Tuesday, December 30, 2008
SUSTAINABLE PLANNING AND DESIGN HAS A POSITIVE COST BENEFIT - Non-sustainable development assumes that it is too expensive to factor in the impacts of development on the natural environment and the livability of the overall community. Experience in the development of planned communities such as Reston, Virginia and the sustainable re-development of downtowns such as Portland, Oregon shows, however, that property values go up with sustainable development. People and businesses eventually flee unsustainable communities. Also, experience shows that ultimately unsustainable development costs more. Unsustainable buildings become out-dated as energy costs rise while residents in cities that have allowed unlimited sprawl pay more for traffic congestion and the costs of commuting. Ultimately, air pollution regulations might prevent all new development in cities that have air pollution levels that exceed standards, preventing the economic growth of such cities.
NON-SUSTAINABLE CITY/URBAN CENTER - Below is an example of a non-sustainable city or urban center. Note both that the built environment has totally overtaken the natural environment and that humans have to escape within the buildings as it takes an automobile to travel anywhere -- and the concrete jungle makes the heat of the city unbearable in the summer and freezing cold in the winter.
NON-SUSTAINABLE RESIDENTIAL SPRAWL - Below is an example of non-sustainable residential sprawl where the built environment has totally overwhelmed the natural environment. Note how the streets are designed so that children have no easy way to visit their friends living on neighboring streets. Notice also all one sees of the homes from the street is their driveways, cars and garages with no shade trees or porches. This encourages isolation of families from each other, even from their neighbors, as people no longer feel comfortable taking walks along the street -- and even if they do so, they no longer see their neighbors on their porches etc. as one once did in traditional neighbors. Instead, if one wants to interacts with one's neighbors or community members, one has to drive to the shopping mall etc.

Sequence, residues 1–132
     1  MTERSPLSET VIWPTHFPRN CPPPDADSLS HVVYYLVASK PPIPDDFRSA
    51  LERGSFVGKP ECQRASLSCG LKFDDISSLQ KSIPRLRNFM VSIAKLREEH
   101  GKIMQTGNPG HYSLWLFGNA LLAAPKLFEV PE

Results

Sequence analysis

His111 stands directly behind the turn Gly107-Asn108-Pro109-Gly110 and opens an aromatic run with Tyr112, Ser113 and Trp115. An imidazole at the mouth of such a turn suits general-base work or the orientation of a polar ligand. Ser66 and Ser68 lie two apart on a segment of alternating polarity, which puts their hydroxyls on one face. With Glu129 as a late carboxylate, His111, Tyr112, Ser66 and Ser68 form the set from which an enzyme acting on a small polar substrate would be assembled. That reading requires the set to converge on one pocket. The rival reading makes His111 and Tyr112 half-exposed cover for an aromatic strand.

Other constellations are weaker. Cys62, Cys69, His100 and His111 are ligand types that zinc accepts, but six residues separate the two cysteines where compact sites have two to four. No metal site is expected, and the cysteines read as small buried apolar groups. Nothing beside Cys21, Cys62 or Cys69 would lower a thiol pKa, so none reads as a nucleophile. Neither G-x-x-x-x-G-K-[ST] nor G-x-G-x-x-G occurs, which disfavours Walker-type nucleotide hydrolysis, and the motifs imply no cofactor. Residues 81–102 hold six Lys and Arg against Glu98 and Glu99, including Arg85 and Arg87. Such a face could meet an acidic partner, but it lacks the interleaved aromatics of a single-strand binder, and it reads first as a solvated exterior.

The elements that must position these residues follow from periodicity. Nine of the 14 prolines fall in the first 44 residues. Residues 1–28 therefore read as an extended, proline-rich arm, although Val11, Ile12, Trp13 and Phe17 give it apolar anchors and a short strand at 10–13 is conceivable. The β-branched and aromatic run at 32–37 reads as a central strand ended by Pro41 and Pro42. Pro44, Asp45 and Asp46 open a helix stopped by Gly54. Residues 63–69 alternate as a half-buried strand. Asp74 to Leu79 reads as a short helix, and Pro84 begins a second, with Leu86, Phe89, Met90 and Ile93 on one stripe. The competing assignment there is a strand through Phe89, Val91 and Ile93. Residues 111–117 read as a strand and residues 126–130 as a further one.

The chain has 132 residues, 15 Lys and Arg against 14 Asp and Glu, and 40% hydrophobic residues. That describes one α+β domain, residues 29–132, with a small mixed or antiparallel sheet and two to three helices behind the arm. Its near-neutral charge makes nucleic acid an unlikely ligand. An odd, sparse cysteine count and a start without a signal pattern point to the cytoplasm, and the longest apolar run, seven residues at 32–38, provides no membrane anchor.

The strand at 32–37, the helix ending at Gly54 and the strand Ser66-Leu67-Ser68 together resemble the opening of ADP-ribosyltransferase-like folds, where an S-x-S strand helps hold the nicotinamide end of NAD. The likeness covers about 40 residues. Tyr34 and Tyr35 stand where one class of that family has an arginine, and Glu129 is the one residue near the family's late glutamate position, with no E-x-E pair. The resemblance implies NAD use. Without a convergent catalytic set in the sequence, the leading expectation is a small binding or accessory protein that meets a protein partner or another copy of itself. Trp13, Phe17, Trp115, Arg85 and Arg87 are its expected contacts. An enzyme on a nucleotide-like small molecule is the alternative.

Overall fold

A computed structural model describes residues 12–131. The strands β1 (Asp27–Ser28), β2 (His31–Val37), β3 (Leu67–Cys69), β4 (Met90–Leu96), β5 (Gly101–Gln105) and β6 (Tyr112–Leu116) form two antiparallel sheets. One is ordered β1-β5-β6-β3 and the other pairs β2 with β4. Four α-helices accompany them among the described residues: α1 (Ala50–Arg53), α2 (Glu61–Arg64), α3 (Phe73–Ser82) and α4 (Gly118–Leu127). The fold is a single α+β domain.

EXAMPLE OF SUSTAINABLE DESIGN - Below is an example of sustainable design. It is a parking garage designed with plants built into it's exterior so as to: (1) filter air pollution from the automobiles, and thus mitigate the negative impacts of pollution: and (2) to create a pedestrian friendly environment. As such, this is a design that promotes the livability of people and the natural environment of which they are a part.
EXAMPLE OF NON-SUSTAINABLE DESIGN - Below is a typical parking garage. It is an example of non-sustainable design for several reasons: (1) it does not to mitigate environmental pollution; (2) it concentrates air pollutants in one area (i.e. who was to linger in a parking garage and breath the exhaust fumes); and (3) it is not pedestrian friendly (one only walks through a parking garage out of necessity).
FUNCTION - Function is obviously the most important aspect of planning and design. Unfortunately, given what seemed like a never-ending supply of natural resources, sustainability was not always considered to be an aspect of function. Sustainability relates to the question as how our built environment supports or detracts from the livability of ourselves and the natural environment that we are a part. This is the paradigm shift that is now occurring - i.e. the consideration of sustainability in the planning and design of our built environment.